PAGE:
A researcher with the Center for Strategic and International Studies (CSIS) cautioned the U.S. Secretary of Energy Advisory Board's (SEAB) Natural Gas Subcommittee that regulation and enforcement of shale gas was of paramount importance if the industry's full potential is to become a reality.

"I think areas of the country are going to be taken off the table because of noncompliance because of fear," Frank Verrastro, senior vice president and director of the CSIS' Energy and National Security Program, told the SEAB on Tuesday. "I think it's not dissimilar from deepwater production. If they don't get this right, where do they turn? I think some of the responsible companies have already picked up on this, but if you don't raise the bar, I don't see how this can move forward. We have to get serious about it."

Committee Chairman John Deutch questioned whether Verrastro's analogy was a good one, since newly created deepwater regulations "were in response to an accident. Also, with offshore you are only dealing with one regulator."

But Deutch did agree with Verrastro's assertion that companies should fully disclose the chemical makeup of the fluids used for hydraulic fracturing (fracking), even if they are designated as "green chemicals." Verrsatro said the CSIS had found that some companies had absolutely refused to disclose any information on these chemicals, stating that they were company secrets.

"A great chef isn't great because of the ingredients," Deutch said. "These green chemicals are all coming from a well known array. You may have to make an allowance for this but the bar should be fairly high. It's not a deal breaker."

Verrastro said the CSIS believes that some companies "probably need to be pushed" on the issue of fracking fluid disclosure, but he added that fracking itself was not so much a problem compared to well design. He added that the industry and the public had different ideas of what encompassed fracking.

"The industry considers what happens 6,000 to 7,000 feet below the surface [to be fracking]," Verrastro said. "The public considers the whole drilling [operation] to be fracking, including going down through the aquifers. If we're going to realize the full promise of shale, regulation is essential."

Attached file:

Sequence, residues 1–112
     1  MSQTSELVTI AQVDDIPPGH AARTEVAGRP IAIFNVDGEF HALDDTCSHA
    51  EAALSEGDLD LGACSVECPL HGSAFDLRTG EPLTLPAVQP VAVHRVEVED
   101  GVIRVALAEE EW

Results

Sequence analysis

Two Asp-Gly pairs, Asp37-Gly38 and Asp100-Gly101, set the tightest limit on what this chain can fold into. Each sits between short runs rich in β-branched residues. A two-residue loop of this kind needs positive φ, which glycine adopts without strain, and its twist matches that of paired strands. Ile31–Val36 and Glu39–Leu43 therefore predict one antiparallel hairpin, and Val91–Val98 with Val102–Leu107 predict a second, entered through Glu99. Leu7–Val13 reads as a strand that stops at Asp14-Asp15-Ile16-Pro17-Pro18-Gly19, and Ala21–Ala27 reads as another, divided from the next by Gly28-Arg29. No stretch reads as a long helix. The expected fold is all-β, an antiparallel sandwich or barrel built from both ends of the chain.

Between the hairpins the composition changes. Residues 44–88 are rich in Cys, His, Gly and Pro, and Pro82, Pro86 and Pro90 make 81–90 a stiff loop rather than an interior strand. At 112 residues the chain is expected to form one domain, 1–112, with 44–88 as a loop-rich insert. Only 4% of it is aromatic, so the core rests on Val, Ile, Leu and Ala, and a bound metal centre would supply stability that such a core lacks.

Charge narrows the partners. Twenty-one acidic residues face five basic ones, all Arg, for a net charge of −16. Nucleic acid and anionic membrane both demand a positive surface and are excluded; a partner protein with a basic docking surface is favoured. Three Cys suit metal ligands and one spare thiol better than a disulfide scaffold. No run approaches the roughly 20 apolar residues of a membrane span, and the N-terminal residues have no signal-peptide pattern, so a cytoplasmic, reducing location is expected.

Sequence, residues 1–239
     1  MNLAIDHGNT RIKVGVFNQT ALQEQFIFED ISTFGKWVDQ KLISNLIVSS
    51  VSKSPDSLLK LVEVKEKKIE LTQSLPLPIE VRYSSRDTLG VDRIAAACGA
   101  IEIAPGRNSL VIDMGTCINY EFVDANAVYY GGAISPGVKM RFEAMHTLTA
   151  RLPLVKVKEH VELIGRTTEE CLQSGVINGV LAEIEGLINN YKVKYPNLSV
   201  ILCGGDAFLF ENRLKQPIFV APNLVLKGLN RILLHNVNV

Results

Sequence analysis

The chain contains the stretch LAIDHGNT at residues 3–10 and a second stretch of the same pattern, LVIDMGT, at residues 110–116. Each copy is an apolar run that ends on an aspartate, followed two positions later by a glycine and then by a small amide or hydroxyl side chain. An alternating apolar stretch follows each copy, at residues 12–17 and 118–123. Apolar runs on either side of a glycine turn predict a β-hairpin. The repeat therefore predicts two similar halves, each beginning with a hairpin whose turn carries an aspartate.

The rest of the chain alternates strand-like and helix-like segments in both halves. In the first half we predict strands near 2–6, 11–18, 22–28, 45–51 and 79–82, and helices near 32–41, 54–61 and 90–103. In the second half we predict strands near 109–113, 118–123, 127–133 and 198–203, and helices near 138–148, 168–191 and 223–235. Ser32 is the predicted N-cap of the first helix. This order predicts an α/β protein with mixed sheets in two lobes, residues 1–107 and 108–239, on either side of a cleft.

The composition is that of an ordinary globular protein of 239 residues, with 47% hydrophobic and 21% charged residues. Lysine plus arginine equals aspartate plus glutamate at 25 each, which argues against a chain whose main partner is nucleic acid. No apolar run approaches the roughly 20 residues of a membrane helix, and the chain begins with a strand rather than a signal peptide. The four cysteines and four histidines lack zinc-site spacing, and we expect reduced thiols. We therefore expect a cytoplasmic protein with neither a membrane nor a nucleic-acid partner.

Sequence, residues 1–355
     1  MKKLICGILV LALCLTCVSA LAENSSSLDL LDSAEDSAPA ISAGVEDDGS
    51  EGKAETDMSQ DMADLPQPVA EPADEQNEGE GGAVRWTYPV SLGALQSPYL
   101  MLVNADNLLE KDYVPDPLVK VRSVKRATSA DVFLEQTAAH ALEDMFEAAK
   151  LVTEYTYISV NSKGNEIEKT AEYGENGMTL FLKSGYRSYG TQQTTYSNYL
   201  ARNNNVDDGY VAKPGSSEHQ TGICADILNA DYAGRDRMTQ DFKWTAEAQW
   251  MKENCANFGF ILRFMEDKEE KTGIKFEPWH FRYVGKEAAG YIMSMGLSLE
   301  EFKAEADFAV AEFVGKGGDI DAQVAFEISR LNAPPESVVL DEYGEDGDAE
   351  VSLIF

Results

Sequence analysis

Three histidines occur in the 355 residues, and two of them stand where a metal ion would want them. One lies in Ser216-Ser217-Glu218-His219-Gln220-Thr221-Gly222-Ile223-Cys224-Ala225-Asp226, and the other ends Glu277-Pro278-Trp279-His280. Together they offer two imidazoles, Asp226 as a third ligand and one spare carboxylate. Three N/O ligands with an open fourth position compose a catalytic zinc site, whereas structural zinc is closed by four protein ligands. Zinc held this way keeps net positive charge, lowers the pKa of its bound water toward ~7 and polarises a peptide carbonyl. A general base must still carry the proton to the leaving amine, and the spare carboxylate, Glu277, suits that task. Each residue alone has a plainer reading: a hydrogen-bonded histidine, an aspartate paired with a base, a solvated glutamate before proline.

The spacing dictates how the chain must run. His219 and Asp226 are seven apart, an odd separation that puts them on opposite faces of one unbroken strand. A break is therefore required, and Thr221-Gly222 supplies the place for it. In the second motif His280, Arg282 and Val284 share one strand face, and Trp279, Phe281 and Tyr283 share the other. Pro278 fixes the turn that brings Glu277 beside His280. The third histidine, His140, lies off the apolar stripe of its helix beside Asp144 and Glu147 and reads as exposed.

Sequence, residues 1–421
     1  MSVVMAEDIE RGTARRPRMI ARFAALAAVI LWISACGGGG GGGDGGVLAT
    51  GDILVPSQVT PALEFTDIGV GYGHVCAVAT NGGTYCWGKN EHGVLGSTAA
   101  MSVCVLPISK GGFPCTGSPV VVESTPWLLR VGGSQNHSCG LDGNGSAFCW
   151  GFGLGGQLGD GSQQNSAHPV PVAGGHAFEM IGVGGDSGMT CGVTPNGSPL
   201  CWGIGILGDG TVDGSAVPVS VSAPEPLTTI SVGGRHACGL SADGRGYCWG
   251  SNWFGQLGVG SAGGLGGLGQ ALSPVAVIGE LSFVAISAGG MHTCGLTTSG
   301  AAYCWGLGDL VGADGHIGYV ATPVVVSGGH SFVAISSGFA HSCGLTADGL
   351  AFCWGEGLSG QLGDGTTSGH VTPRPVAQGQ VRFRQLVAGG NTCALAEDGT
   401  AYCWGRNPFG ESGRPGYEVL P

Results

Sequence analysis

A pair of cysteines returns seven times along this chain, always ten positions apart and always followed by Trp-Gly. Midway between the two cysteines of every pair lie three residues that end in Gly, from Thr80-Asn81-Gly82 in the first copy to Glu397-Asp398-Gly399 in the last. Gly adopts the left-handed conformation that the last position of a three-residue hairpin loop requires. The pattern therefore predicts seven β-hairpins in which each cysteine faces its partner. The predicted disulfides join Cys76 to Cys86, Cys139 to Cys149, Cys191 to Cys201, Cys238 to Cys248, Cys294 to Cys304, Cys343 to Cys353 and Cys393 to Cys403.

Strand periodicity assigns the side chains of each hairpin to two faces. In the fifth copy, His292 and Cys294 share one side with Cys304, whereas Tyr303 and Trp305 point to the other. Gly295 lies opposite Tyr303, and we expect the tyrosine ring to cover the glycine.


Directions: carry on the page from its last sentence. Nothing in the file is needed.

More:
Asked by a SEAB panel member if there was anything that could be done to bring down the shrillness of the debate over shale gas, Verrastro said the industry was divided into several camps.

"There is one group that believes leadership counts," Verrastro said, but added that a second group "believes that with a Republican House [of Representatives] no legislation is going to be forced down their throat. There's also an East-West divide. In Texas it's a sign of manhood to have a well in your backyard. In Bradford [County, PA] they haven't seen this type of development. It's not the same. We need to find out what's important in these communities. Some companies recognize that and others don't."

Verrastro added that the development of shale gas would mean the industrialization of many rural areas, but water would probably remain the biggest concern years into the future.

"It strikes me that as companies drill in these regions that they will have a sense of the geology but also of the hydrology," Verrastro said. "That insight ought to be shared. Trucking huge amounts of water from elsewhere may make economic sense in some regions, but in other regions it might not."

SEAB is scheduled to meet again at 10 a.m. on July 13 to meet with shale gas stakeholders and experts. The committee was formed in April by the Obama administration and tasked with making recommendations over fracking within 90 days (see Shale Daily, April 4).